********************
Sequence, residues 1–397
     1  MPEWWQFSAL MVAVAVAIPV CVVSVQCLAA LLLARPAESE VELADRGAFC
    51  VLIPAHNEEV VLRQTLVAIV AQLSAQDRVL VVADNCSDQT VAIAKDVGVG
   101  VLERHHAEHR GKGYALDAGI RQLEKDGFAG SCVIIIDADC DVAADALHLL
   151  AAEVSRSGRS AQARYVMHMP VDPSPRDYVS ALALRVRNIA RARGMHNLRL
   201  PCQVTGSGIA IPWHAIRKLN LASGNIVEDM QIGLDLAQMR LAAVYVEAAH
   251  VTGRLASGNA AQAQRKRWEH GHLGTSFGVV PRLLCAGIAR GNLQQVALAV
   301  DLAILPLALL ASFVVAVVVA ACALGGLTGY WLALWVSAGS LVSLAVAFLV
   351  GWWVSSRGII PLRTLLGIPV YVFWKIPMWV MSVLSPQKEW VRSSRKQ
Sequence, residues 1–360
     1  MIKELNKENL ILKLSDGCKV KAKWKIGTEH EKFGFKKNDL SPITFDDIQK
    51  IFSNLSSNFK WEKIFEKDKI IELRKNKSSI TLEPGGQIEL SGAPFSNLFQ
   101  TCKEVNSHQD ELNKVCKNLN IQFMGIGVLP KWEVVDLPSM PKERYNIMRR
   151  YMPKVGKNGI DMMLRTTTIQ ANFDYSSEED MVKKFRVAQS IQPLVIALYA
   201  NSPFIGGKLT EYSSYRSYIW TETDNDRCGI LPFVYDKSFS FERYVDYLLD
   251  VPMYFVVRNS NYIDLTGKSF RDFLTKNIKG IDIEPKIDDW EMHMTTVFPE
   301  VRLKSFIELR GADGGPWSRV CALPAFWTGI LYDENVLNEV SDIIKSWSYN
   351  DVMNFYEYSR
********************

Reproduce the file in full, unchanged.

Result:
Sequence, residues 1–397
     1  MPEWWQFSAL MVAVAVAIPV CVVSVQCLAA LLLARPAESE VELADRGAFC
    51  VLIPAHNEEV VLRQTLVAIV AQLSAQDRVL VVADNCSDQT VAIAKDVGVG
   101  VLERHHAEHR GKGYALDAGI RQLEKDGFAG SCVIIIDADC DVAADALHLL
   151  AAEVSRSGRS AQARYVMHMP VDPSPRDYVS ALALRVRNIA RARGMHNLRL
   201  PCQVTGSGIA IPWHAIRKLN LASGNIVEDM QIGLDLAQMR LAAVYVEAAH
   251  VTGRLASGNA AQAQRKRWEH GHLGTSFGVV PRLLCAGIAR GNLQQVALAV
   301  DLAILPLALL ASFVVAVVVA ACALGGLTGY WLALWVSAGS LVSLAVAFLV
   351  GWWVSSRGII PLRTLLGIPV YVFWKIPMWV MSVLSPQKEW VRSSRKQ
Sequence, residues 1–360
     1  MIKELNKENL ILKLSDGCKV KAKWKIGTEH EKFGFKKNDL SPITFDDIQK
    51  IFSNLSSNFK WEKIFEKDKI IELRKNKSSI TLEPGGQIEL SGAPFSNLFQ
   101  TCKEVNSHQD ELNKVCKNLN IQFMGIGVLP KWEVVDLPSM PKERYNIMRR
   151  YMPKVGKNGI DMMLRTTTIQ ANFDYSSEED MVKKFRVAQS IQPLVIALYA
   201  NSPFIGGKLT EYSSYRSYIW TETDNDRCGI LPFVYDKSFS FERYVDYLLD
   251  VPMYFVVRNS NYIDLTGKSF RDFLTKNIKG IDIEPKIDDW EMHMTTVFPE
   301  VRLKSFIELR GADGGPWSRV CALPAFWTGI LYDENVLNEV SDIIKSWSYN
   351  DVMNFYEYSR